Be Realistic

Firstly, the key is to choose the right trip, one that is achievable. Do you want it to be a holiday or training trip.Can you only get out on a Sunday ride ? Do you have time for just a couple of hours on a home trainer ? If so, then six straight days of 125km and 1500m+ of climbing is not viable. You may think that you can survive, and it is admirable to give it a go, but will you enjoy it? Probably not. However, that should not preclude you from taking on a challenge that, on paper, looks beyond you. Many cycle tourists can perform small miracles with the sun on their back. And also free of the day-to-day stresses of modern life.

Plan Ahead

So, how do you choose the correct trip. A good rule of thumb is to establish how long you are comfortable on a bike. Physically and mentally. If your Sunday ride is about 3 hours or so, but always leaves you wanting more, then a five-hour day is doable and enjoyable. And six days straight may sound a lot, but most cyclists will get stronger and stronger as a trip goes on. Plan your training in the three months before the trip, increasing time on the bike, rather than huge intensity. A smooth five-hour effort will adjust your mind and body to excessive time in the saddle, and stretch, a lot, after each ride. A holiday is just that, a holiday, and there to be enjoyed. So the dilemma of is it a holiday or training can be solved, with some good forward planning.

Travelling With Your Bike

Travelling with your bike nowadays can be what the Spanish call a “rollo”, a real chore. However, if you know the rules, it can be made a lot easier than you think. There are various options that you can use. Firstly, you can hire a bike when you arrive. However, many enjoy using their own bike, so this option is not for many cycling tourists. So, let’s assume that you want to bring your own trusty steed with you on you Galicia cycling tour.

So, when travelling with your bike, the key is preparation. Firstly, we would recommend a good bike case. The solid plastic types are expensive to buy, so hiring one can be an option . The cheaper soft, nylon bags can do the job, but you must pack the bike correctly. Make sure that vulnerable parts of the bike, such as the drop-out and gear mechanism are very well protected. Plenty of padding inside is the key, and your local bike shop is a good place to get advice for correctly packing your bike.

Airline Charges 

Almost all airlines now charge for travelling with your bike, and the three airlines that serve Porto, EASYJET, RYANAIR AND TAP AIR PORTUGAL, all charge. Easyjet will charge £42 one way if pre-booked, Ryaniar £60 and TAP Air Portugal 45€. With all three airlines, you can play with your baggage allowances a little to try and reduce costs. So, correctly packed, and correctly planned, getting your bike to and from your destination shouldn’t be too much hassle.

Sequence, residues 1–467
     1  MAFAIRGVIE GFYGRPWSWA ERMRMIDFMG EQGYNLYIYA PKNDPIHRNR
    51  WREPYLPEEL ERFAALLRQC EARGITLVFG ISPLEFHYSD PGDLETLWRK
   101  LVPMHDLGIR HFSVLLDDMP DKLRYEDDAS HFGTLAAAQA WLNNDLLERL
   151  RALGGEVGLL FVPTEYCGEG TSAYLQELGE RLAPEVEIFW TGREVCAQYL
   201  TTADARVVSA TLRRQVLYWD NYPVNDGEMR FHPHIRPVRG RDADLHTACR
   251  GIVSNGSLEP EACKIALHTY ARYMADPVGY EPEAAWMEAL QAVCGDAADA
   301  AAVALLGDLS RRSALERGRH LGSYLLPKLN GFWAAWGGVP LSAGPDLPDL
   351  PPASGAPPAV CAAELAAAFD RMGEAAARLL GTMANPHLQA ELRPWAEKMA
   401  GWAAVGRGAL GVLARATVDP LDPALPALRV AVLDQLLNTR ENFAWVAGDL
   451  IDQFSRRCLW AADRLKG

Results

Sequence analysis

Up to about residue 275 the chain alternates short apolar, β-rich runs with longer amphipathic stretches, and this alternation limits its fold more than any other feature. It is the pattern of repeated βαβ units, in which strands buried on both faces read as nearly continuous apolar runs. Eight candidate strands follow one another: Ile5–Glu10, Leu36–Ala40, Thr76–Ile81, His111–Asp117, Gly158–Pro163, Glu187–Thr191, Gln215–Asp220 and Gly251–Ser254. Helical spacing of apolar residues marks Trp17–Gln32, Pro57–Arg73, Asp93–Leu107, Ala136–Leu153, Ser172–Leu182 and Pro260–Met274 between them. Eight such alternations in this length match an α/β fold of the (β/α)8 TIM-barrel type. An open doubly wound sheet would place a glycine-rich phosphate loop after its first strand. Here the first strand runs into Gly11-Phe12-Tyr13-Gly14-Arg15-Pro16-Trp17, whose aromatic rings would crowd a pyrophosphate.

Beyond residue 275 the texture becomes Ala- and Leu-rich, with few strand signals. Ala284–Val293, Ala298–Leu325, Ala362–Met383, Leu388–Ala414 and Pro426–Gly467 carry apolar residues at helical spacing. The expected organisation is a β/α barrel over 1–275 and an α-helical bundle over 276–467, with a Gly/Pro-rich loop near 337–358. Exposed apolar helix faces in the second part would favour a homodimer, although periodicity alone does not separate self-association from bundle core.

Some travel companies now offer a door to door delivery service for bikes. This can cut out the hassle of travelling with your bike. Cycling Galicia is one of the few companies that offer this service. Click here to find out more on how it works.

Safe Cycling in Galicia

Most Brits have faced the challenge of driving on the right hand side of the road whilst in Europe. However, if it is your first time on a bike out of the UK, it can be an eye opener. Safe cycling is paramount when riding in a new territory. The great thing about Cycling in Galicia, and in  northern Portugal, is that the cyclist is a respected species. Many of the roads have wide verges, allowing for cyclists to ride side by side without any problem.

Carlos Moure

The RFEC, Spanish Cycling Federation have been actively promoting the “give the cyclist a 1.5m space”. Carlos Moure, the godfather of Galician cycling, has been very vocal in his promotion of this initiative, promoting safe cycling to a national level.  So much press attention has clearly had an effect, and drivers are giving cyclists the utmost respect on Galician roads.

Local councils have also been diligently carrying out their duties clearing the road verges. After a wettish April, the grass has really grown quickly, and this can prove to be a hazard for cyclists, particularly when descending on Galicia’s numerous mountain roads. The tractors and hedge cutters have been out in force clearing the curves and bends to give cyclists a clearer view when cornering. This has enhanced the quality and helps the safe cycling message.

They have also been following an active road repair programme, and again the main benefactors have been the cyclists. Next May’s local elections are having an effect, and the councils are using up budgets to buy votes. It may or may not be true, but everybody on two wheels is reaping the benefits. If you are looking for a new destination for your next cycling adventure, then look no further. Galicia has lots to offer ,and above all , the safety of the cyclist is one of the greatest attractions. Don´t just take our word for it, come and see for yourselves.